Chris BishopBy Chris Bishop|October 11, 2022|4 Minutes|In Opinion


Canoes flags freedom and an ice cream suit  Uganda at 60

At the weekend, it was 60 years since the east African nation of Uganda took the freedom of governing itself and writing its own story.In 1962, the colonialists pulled down the Union Flag for the last time and said goodbye after decades of shipping out resources, building post offices and constructing railways. Entebbe signed off as the capital and in stepped Kampala.

If you watch the British Movietone News coverage of independence day in Kampala, on October 9 1962, it seems like more like 6,000 years ago, rather than a mere 60 years ago.

A lot has been written about the late Queen, in the last month, about how she attended tens of thousands of occasions around the world in her reign – but she missed out on  the birth of Uganda.

In her place flew in the incredibly wooden  Duke of Kent – 40th in line to the throne- dressed in a ridiculous starched white suit, looking a cross between a commissionaire and an ice cream seller. Both he and his wife floated through a sea of unwarranted deference and marching bands as if they were God’s anointed. It was cringe, as my daughter would say, like something out of the 19th century.

On the waters of Lake Victoria there was canoe racing and joyful crowds lining the sun-baked  streets. The stuff of a school picnic, rather than the birth of political freedom.

But joy, nonetheless;  the looks on faces that radiated the hope of a fresh, bold,  tomorrow.

It is always good to use these anniversaries as a way to take stock, not only  of emerging African nations, but also the rest of the world. What a world it is right now: Ukraine and Russia locked in ever more worrying combat, economies and currencies falling, old certainties looking as outdated as the Duke of Kent’s ice cream suit.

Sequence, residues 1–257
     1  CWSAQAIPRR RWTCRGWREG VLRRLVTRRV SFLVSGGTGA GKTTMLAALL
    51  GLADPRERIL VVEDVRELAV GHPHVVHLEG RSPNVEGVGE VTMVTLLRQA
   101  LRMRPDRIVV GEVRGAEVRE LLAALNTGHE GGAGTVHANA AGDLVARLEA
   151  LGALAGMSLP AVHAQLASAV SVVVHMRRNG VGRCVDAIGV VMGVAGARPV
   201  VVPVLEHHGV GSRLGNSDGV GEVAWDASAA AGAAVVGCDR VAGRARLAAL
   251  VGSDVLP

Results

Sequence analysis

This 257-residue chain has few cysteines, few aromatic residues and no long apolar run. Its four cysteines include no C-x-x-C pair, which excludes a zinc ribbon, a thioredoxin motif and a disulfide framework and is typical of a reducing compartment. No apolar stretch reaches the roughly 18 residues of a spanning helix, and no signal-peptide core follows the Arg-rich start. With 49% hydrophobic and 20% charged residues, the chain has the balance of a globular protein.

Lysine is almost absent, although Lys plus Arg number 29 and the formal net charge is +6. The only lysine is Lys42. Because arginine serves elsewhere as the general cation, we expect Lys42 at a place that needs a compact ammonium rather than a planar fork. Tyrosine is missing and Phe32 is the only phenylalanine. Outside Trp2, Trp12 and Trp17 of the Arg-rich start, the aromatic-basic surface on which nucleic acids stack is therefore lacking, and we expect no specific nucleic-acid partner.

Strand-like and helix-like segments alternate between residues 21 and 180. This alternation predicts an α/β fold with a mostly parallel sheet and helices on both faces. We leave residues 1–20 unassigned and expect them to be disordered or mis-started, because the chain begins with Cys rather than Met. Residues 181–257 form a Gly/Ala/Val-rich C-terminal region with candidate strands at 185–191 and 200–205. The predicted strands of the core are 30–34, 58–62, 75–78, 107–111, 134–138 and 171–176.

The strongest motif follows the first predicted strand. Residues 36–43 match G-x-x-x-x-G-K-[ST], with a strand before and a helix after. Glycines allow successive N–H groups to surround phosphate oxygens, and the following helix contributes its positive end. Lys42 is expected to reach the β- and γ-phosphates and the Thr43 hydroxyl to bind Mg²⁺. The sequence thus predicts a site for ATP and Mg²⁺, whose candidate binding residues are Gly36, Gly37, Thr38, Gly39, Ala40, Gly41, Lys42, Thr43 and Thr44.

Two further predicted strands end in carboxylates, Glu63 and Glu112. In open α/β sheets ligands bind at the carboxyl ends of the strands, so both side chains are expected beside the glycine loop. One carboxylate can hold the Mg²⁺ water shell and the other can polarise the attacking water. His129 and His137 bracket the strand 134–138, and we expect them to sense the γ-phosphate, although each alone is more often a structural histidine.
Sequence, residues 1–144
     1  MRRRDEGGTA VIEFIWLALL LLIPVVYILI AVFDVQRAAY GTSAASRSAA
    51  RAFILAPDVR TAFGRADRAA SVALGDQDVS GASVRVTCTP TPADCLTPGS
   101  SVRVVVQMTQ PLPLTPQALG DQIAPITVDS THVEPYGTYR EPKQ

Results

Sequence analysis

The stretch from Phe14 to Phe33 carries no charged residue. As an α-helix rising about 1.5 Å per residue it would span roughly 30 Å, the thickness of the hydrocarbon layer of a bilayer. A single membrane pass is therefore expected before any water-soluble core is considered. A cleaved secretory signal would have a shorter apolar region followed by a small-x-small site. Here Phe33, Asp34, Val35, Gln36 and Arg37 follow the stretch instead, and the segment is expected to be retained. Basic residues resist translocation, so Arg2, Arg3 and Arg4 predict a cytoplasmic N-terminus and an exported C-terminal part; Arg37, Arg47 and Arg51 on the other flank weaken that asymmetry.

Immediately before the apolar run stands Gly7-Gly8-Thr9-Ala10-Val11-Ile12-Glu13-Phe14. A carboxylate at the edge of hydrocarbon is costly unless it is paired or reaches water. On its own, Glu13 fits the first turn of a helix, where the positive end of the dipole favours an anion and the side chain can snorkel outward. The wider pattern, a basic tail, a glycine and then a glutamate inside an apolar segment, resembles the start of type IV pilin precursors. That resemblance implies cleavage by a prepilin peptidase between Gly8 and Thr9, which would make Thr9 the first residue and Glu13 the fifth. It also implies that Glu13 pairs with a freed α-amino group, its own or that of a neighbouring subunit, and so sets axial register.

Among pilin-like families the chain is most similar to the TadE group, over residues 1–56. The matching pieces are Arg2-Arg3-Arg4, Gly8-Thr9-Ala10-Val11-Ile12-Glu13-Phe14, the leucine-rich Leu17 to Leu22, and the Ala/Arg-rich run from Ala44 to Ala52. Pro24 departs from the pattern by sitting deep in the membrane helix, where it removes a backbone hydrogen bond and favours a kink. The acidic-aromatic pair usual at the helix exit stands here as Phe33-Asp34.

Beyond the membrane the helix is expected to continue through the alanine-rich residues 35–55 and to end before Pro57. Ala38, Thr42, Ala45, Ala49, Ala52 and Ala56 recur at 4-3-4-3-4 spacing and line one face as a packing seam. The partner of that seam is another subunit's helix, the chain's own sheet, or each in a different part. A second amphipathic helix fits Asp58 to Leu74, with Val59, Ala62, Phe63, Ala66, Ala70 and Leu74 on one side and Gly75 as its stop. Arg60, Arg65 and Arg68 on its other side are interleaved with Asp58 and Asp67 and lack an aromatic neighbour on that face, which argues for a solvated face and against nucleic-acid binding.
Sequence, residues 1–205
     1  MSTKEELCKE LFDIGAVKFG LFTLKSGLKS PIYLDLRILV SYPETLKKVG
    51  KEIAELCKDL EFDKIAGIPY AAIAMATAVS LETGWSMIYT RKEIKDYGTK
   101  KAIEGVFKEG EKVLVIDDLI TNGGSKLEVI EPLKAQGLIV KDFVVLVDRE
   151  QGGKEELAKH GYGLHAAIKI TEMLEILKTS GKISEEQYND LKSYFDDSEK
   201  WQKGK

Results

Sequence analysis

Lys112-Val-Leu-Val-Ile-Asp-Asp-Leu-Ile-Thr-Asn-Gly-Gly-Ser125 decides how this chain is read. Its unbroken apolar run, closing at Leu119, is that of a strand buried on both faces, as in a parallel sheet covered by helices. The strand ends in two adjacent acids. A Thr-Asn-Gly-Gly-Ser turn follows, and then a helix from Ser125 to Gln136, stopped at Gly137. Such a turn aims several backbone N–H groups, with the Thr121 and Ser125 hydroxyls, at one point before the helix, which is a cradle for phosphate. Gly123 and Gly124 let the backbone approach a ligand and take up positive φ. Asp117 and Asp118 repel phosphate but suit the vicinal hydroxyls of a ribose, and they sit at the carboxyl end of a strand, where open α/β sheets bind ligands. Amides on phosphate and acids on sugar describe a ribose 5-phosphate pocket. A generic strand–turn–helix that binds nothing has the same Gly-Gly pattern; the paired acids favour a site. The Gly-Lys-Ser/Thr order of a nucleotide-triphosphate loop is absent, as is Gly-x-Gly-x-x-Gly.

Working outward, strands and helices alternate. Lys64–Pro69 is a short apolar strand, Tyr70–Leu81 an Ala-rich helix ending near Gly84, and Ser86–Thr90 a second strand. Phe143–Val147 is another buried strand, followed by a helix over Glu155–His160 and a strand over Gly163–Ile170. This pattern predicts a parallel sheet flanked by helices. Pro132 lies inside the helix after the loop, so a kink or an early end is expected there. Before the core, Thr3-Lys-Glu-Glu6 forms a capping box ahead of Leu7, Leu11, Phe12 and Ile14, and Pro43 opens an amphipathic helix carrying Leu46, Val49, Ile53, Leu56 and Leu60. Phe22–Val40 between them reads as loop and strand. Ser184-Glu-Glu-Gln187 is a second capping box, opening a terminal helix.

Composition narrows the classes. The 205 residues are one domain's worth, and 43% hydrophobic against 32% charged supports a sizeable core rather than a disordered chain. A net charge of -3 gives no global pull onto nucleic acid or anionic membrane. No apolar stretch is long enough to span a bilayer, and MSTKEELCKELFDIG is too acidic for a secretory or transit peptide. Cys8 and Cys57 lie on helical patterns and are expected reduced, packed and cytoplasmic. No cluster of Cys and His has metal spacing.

Uganda may have had its battles in its early years of independence:  military coups; an invasion by neighbouring nations; the traumatic expulsion of the so-called Ugandan Asians; years of conflict and instability leading to thousands of deaths. Old hands used to tell me that, in the bad old days even running black market goods was a nightmare in a Kampala divided by a number of armed groups.

But, at  very least, Uganda’s wealth is largely in the hands of Ugandans, 60 years on from independence. Many  Ugandans – including a number of entrepreneurs – have never had it so good.

Sure, Uganda, like other nations around the world, has to close it gaping wealth gap. According to some estimates the top 1 per cent of wealth owners have more than the bottom 50 per cent of wealth owners in Uganda. The country could also help this by reforming the ownership of land to give more poor Ugandans a chance to till the soil.

Through it all, Uganda has been free and fruitful enough to create a number of millionaires and billionaires who are out there creating wealth and jobs despite these difficult times.

Take a bow: Patrick Bitature, Sudhir Ruparelia and Godfrey Kirumira, among many others, as we celebrate 60 years of cheers and tears for Uganda.